Here’s something I found today that will interest songwriters in Australia. It’s an article from The Music Network site titled APRA AMCOS Unveils Plan To Keep Member Royalties Flowing

The article states that…

APRA AMCOS will bring forward its November live performance royalty payout to May.

The announcement, made Friday (March 27), comes as thousands of its songwriter, composer and publisher members grapple with how to survive during the corona-crisis.

Last November APRA AMCOS paid live performance royalties to 18,425 members. This May, members will receive a full yearโ€™s worth, using data from last yearโ€™s reports.

As a member of APRA AMCOS myself (since 1999) I think that this initiative is something that the music industry needs right now in these uncertain times.

This article also demonstrates the ongoing commitment by APRA AMCOS in continuing to lobby the Australian Government for more local content to be showcased on radio, TV and other media.

The more that we, as a society support the arts and music industries right now, the better shape those industries will be in to support our society as we recover in a post COVID-19 landscape where we will need art and music more than ever.

I for one will look forward to the advance royalty payments

Peace,

Corey ๐Ÿ™‚


Original Source: APRA AMCOS Unveils Plan To Keep Member Royalties Flowing

As of last Thursday (March 26th, 2020) my day gig at Adelaide Air Monitoring has all but dried up and I have now added my name to the list of people who have made an “intention to claim” through the MyGov website.

As I wait for the phone call from Centrelink I realised that instead of feeling bad that my day gig has all but gone I can look at my situation in a more positive way…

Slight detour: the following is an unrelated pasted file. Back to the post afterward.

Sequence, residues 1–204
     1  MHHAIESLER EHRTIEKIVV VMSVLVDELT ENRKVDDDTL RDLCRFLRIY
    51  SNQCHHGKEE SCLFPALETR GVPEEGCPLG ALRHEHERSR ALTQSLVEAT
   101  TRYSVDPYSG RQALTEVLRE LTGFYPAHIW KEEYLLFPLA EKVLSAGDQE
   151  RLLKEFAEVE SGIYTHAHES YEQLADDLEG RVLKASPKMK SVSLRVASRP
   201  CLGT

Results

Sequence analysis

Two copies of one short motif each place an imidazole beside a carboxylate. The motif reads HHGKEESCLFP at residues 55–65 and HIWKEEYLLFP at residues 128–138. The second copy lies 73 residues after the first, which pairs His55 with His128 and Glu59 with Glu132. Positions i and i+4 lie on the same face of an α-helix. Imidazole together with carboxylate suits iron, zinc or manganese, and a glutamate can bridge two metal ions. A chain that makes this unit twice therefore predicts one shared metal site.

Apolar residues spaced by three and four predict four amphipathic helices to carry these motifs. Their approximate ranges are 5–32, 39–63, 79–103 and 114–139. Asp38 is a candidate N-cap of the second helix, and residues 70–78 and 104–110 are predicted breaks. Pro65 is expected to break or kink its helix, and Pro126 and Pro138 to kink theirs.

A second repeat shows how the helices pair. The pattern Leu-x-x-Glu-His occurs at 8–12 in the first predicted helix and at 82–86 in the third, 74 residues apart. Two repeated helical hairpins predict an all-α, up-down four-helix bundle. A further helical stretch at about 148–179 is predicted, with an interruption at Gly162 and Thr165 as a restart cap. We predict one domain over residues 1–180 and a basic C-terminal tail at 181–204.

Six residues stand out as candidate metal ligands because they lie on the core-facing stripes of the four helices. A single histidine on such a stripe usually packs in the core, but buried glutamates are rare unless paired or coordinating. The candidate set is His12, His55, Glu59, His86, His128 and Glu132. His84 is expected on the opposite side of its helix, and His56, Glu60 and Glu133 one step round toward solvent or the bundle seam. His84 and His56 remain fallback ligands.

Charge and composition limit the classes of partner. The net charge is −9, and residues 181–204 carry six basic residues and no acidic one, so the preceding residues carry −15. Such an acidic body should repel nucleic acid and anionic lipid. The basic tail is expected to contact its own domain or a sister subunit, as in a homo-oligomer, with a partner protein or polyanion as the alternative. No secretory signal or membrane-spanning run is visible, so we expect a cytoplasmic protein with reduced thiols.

Right now, at this very moment, I have been given the gift of time so now it is my responsibility to use this gift wisely and start doing the things that I have been talking, planning scheming, dreaming and making lists about for the longest time.

I’m reminded by an article that I found on the Time To Write blog called Is This The Time To (Finally) Be You? in which the author Jurgen Wolff unveils two parts to an equation.

First of all, the “secret” of finding the very thing that you need to be doing that defines who you are and secondly, how to do the things you need to do that defines you.

He explains the second part of the equation in this way…

You’ve found it. Now what?

Is there a secret? Something they don’t want you to know but that I will reveal to you if you send me lots of money?

No, nobody’s trying to keep it from you and there’s no charge. It’s simple. Not always easy, but simple:

  1. Start
  2. Continue
  3. Fail (because we can imagine perfection but not attain it)
  4. Learn from the failure
  5. Continue
  6. Repeat 3 through 5

Number one is the hardest but the other steps have their drawbacks, too.

So why do it? Because it means something to you.